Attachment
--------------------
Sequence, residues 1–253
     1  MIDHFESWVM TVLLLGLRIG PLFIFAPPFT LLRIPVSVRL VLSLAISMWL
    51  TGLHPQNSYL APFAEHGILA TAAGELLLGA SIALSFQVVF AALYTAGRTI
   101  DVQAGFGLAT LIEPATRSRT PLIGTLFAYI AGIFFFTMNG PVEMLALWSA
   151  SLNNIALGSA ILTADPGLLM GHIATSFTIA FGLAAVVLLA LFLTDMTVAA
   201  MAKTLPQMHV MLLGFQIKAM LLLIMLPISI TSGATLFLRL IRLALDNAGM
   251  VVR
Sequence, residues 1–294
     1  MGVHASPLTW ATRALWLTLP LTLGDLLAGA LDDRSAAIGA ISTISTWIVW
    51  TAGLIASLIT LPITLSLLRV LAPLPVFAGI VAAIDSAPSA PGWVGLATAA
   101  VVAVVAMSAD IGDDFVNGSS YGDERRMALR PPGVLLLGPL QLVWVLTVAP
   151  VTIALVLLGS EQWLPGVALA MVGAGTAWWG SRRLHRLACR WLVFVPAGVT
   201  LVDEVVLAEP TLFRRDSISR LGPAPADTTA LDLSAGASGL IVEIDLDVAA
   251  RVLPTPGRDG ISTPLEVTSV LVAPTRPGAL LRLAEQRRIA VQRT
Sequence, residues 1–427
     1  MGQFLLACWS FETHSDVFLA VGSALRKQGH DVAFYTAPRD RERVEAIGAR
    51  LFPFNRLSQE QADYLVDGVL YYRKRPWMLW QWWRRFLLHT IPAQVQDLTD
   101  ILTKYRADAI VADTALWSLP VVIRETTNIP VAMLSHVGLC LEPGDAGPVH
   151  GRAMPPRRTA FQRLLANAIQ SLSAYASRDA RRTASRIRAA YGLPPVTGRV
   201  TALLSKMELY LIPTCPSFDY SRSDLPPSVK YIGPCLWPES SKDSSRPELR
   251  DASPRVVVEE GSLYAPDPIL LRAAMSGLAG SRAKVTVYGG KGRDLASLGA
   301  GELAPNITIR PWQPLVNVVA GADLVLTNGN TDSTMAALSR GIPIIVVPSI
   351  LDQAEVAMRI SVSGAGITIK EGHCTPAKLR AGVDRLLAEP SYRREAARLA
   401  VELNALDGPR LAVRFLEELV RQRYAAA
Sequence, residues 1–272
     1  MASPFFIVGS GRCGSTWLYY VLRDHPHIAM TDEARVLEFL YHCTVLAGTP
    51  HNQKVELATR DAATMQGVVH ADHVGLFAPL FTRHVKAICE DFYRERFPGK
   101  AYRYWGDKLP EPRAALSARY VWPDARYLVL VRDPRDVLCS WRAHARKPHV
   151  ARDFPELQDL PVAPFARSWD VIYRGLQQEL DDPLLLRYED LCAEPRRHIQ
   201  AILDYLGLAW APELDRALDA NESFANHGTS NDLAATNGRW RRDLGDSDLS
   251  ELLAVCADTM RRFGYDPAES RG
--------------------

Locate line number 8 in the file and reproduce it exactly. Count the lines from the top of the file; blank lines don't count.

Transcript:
Sequence, residues 1–294